James Roberts' work on IDW's Transformers franchise is some of the most explicitly political storytelling in comics right now.
Politics is a core theme of Roberts' entire Transformers work, and while the comics do have some of the best action, romance and comedy, they're also all about refusing to let anyone else make your decisions for you.
A hero is defined by their villains, and comic books are filled with some of the scariest and silliest bad guys around. Rogues’ Gallery aims to settle the score and determine who is the true arch-nemesis for some of our favorite heroes, and we need your help to do it!
You voted to see who the ultimate Teenage Mutant Ninja Turtles villain was, and we’ve tabulated the results and assembled a video counting down the definitive top 10. Did your favorite make this list? There’s only one way to find out!
The question most often asked of the ComicsAlliance staff is a variation of, “Which comic books should I be reading?” or, “I’m new to comics, what’s a good place to start?” The Wednesday deluge of new comic books, graphic novels and collected editions can be daunting even for the longtime reader, much less for those totally unfamiliar with creators, characters and publishers, and the dark mysteries of comic book shopping like variants, pre-ordering, and formats.
It’s with these challenges in mind that we’ve created Best Comic Books Ever (This Week), an ongoing guide curated by the ComicsAlliance staff. This is where new comics readers and seasoned Wednesday shoppers alike can find our picks of the best books the medium has to offer.
"There can be only one." It's a catch phrase that immediately calls back to one singular franchise, The Highlander. Though the film and television series both came to a rather unspectacular close way, way back, they both revealed the best way to tell new Highlander stories was to set them all in the past. Good thing that's exactly what IDW is planning to do with its new series, Highlander: The American Dream.
If comics has taught us anything, it’s that anything can be illustrated, and if the internet has taught us anything, it’s that anything can be someone’s turn-on. Comics and furries go hand in hand, dating back farther than living memory, with modern furry fandom a direct multigenerational outgrowth of funny animal comics and cartoons.
It’s Love and Sex Week here at ComicsAlliance, so we've decided to do our part to destigmatize furries, because we believe that everyone has at least one furry crush, whether it's the stars of Disney's Robin Hood, a Thundercat, or the stars of Disney's Zootopia. (We see you, Disney.)
To that end, here are nine of our most animalistic passions from the world of comics.
The problem with "sexiest women in comics" lists is that they tend to get wrapped up in the presumptive male gaze and the assumption of a male readership. Basically, you end up with a bunch of sexist ideas about what men want women to be.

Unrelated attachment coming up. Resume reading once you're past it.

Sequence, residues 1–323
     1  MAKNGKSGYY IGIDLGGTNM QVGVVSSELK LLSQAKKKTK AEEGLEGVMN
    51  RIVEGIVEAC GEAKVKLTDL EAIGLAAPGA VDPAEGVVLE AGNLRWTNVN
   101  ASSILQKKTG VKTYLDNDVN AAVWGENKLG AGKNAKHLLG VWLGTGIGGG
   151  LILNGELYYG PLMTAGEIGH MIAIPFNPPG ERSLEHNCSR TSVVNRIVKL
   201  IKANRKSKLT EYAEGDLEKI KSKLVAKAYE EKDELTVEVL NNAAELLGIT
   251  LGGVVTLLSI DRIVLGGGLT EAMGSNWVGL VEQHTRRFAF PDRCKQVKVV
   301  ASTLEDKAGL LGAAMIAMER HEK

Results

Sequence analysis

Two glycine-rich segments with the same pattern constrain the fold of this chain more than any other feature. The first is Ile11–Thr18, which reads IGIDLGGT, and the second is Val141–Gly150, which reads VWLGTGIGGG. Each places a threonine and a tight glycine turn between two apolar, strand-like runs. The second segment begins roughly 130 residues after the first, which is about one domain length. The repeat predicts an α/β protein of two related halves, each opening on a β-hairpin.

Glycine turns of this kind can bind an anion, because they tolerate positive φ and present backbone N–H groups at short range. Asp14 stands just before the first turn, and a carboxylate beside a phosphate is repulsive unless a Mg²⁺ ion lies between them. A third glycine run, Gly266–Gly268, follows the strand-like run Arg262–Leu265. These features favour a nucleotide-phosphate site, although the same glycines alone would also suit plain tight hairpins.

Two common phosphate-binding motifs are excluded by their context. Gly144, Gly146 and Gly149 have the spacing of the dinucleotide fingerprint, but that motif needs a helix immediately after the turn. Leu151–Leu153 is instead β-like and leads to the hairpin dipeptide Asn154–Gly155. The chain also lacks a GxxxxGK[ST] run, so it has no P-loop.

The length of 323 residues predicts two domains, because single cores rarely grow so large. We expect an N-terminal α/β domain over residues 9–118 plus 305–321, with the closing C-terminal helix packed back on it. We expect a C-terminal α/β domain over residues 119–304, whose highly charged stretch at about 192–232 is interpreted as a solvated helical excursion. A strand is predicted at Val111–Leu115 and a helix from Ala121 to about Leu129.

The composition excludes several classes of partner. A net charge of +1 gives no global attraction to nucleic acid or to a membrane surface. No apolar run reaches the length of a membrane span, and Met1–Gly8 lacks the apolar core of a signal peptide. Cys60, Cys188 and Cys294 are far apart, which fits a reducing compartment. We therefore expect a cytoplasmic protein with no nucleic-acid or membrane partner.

So we wondered, what would such a list look like if the male gaze was taken out of the equation? We gathered some of our queer female and non-binary writers to nominate, vote for, and write up our own list of the hottest female characters in comics, from a queer perspective.
If there’s one thing we’ve learned from our years on the Internet, it’s that there’s no aspect of comics that can’t be broken down and quantified in a single definitive list, preferably in amounts of five or ten. And since there’s no more definitive authority than ComicsAlliance, we’re taking it upon ourselves to compile Top Five lists of everything you could ever want to know about comics.
While Valentine's Day maybe behind us for another year, love is still in the air and to celebrate the seasons, we're counting down the best couples in all of comics.
There are many ships in fandom, but Transformers is all but unique in that Transformers ships can feature people who turn into ships. A ship-based ship is therefore provably superior, and what is also provable is this: Nautica and Velocity, from Lost Light (formerly known as More Than Meets the Eye) are 100% in love.
Many ships are based on unfounded speculation, but not this one: this is based on hard, provable facts, with every assertion true because it’s backed up by the weight of cold, steely logic.
Flight of the Raven, by writer/artist Jean-Pierre Gibrat, won the Best Artist Award at the Angoulême Festival, and now it's coming to the U.S. thanks to IDW's EuroComics imprint, with an English edition translated by Diana Schutz and Brandon Kander.
Gibrat's graphic novel is set in occupied Paris during World War II, and focuses on Jeanne, a French resistance fighter who teams up with a cat burglar named François to rescue her sister and the rest of their resistance cell from the Gestapo.
Every month, Comixology adds more titles to its burgeoning all-you-can-eat subscription service Comixology Unlimited, which allows readers access to a virtual library of comics for a flat monthly fee. February’s update goes live today, and the service is set to be bolstered by a new wave of awesome comics for you to peruse, including Danger Girl, Harbinger Wars and Lady Snowblood.
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